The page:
The New York Supplement
West Publishing Company, 1891 - Law reports, digests, etc
"Cases argued and determined in the Court of Appeals, Supreme and lower courts of record of New York State, with key number annotations." (varies)
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affidavit affirmed agreement alleged amount answer Appeal from special appellant Argued assessment assignment authority bank Brady and Daniels Brunt cause of action certificate charge claim Code Civil Proc commenced commissioners complaint concur contract contributory negligence conveyance corporation costs counsel creditors damages deceased deed defendant appeals defendant's demurrer directed dismissed easement entered entitled evidence execution executor fact favor February fendant foreclosure fraud grade ground held indorsed injury issue judge judgment judgment debtor jury land lease liability lien Mayham ment mortgage motion N. E. Rep N. Y. Supp negligence objection owner paid parties payment person plain plaintiff premises proceedings proof purchase question railway reason received recover referee respondent reversed special term statute street Supreme Court sustained taken testator testified testimony thereof tiff tion trial trust Van Brunt verdict witness York City York county
Page 175 - ... that in every case, before the evidence is left to the jury, there is a preliminary question for the judge, not whether there is literally no evidence, but whether there is any upon which a jury can properly proceed to find a verdict for the party producing it, upon whom the onus of proof is imposed.
Page 600 - ... that if the defendant recovers judgment, or if the warrant is vacated, the plaintiff will pay all costs, which may be awarded to the defendant, and all damages, which he may sustain by reason of the attachment, not exceeding the sum specified in the undertaking, which must be at least two hundred and fifty dollars.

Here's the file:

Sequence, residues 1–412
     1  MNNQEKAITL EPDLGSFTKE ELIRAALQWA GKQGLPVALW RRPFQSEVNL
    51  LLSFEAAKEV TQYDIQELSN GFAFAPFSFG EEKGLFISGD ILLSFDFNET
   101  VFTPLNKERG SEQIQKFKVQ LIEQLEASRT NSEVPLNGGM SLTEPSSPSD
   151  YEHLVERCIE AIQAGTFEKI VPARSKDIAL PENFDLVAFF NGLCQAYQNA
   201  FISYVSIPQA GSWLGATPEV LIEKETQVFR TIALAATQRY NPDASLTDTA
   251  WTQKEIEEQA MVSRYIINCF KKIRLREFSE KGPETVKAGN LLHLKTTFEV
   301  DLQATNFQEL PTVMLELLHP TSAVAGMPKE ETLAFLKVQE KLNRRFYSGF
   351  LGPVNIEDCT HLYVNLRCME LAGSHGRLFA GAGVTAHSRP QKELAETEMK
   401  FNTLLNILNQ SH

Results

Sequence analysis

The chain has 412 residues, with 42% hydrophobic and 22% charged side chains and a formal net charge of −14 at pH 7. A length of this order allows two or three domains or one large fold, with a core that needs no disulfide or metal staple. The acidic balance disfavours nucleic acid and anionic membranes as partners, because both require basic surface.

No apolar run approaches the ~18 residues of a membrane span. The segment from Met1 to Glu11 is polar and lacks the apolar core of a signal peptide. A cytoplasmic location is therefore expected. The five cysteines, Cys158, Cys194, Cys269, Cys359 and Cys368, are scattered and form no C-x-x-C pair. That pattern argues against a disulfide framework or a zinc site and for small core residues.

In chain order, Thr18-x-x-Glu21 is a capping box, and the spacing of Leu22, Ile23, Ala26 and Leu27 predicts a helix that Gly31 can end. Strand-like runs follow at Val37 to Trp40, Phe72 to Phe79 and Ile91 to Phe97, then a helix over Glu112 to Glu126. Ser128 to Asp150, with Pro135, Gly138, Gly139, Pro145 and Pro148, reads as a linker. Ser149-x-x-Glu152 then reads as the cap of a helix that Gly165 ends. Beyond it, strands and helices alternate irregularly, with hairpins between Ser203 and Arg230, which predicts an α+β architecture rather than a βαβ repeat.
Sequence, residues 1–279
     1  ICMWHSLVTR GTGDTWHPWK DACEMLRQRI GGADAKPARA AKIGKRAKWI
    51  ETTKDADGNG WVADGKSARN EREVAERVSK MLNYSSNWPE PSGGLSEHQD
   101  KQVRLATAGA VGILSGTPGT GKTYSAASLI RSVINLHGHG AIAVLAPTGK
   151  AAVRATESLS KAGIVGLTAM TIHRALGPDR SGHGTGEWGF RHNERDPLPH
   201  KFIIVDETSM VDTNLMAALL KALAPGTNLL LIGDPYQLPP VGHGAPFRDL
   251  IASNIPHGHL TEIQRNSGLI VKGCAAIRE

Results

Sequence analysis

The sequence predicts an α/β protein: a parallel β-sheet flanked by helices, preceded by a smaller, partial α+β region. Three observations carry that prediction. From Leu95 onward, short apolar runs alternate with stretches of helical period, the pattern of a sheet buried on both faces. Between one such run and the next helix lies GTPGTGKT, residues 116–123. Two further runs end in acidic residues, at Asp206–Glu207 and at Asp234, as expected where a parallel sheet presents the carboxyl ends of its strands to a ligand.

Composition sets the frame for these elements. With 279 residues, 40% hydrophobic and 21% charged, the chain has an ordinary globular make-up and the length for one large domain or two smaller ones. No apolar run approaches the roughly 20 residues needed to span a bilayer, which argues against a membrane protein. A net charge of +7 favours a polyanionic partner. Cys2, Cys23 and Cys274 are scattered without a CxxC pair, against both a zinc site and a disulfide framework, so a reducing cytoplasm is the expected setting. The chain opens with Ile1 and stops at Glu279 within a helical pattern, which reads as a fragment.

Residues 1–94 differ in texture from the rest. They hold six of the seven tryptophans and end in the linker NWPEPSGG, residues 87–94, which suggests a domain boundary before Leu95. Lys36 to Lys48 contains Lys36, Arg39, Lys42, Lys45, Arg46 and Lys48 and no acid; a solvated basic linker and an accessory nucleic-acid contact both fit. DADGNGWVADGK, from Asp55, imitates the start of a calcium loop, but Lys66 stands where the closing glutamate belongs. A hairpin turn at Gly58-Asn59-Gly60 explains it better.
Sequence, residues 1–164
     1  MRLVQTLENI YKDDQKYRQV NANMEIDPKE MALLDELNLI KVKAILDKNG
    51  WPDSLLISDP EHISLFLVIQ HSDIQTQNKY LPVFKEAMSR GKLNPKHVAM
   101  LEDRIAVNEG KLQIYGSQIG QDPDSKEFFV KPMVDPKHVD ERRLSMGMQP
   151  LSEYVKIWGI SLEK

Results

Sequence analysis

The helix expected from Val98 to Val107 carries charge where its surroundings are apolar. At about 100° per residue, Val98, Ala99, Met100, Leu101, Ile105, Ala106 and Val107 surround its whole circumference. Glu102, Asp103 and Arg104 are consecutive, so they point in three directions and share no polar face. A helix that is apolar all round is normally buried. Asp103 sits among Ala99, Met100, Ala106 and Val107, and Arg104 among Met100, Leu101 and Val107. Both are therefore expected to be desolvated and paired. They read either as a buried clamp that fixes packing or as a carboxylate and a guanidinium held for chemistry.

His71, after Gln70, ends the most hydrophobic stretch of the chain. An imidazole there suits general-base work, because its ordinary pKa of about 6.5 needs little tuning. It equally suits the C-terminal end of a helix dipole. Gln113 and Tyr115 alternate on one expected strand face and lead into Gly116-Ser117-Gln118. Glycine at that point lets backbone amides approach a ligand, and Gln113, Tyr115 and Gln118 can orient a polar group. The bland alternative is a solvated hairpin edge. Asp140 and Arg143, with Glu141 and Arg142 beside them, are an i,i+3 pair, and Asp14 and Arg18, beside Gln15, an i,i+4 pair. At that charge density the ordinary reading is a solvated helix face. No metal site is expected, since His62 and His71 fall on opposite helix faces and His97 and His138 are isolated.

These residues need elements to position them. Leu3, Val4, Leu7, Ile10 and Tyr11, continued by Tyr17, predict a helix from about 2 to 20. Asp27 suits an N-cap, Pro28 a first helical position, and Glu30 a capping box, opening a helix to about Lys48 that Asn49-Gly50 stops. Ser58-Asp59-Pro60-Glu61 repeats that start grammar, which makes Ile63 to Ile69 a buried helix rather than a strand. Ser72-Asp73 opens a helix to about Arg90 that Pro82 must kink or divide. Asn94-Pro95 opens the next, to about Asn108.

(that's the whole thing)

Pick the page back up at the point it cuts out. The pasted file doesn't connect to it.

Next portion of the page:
Page 105 - Future estates are either vested or con tin- vested ant contingftit future gent : Estates. They are vested when there is a person in being who would have an immediate right to the possession of the lands, upon the ceasing of the intermediate or precedent estate ; They are contingent whilst the person to whom, or the event upon which they are limited to take effect, remains uncertain.
Page 15 - Of the parties to the action, those who are united in interest must be joined as plaintiffs or defendants; but if the consent of any one,' who should have been joined as plaintiff, cannot be obtained, he may be made a defendant, the reason thereof being stated in the complaint...
Page 538 - If an action is commenced within the time limited therefor, and a judgment therein is reversed on appeal, without awarding a new trial, or the action is terminated in any other manner than by a voluntary discontinuance, a dismissal of the complaint for neglect to prosecute the action, or a final judgment upon the merits : tlie plaintiff, or.
Page 540 - The statutes create a new legal liability, with the right to a suit for its enforcement, provided the suit is brought within twelve months, and not otherwise. The time within which the suit must be brought operates as a limitation of the liability itself as created, and not of the remedy alone. It is a condition attached to the right to sue at all.
Page 125 - ... and any person owning, renting, leasing or permitting the occupation of any building or premises, and having knowledge that intoxicating liquors are to be sold therein, or who, having leased the same...
Page 21 - When a public offense is committed in part in one county and in part in another, or the acts or effects thereof constituting or requisite to the consummation of the offense occur in two or more counties, the jurisdiction is in either county.
Page 113 - The first pleading on the part of the people is the indictment or information. 1880 — 12. 950. The indictment or information must contain: 1. The title of the action, specifying the name of the court to which the same is presented, and the names of the parties; 2. A statement of the acts constituting the offense, in ordinary and concise language, and in such manner as to enable a person of common understanding to know what is intended.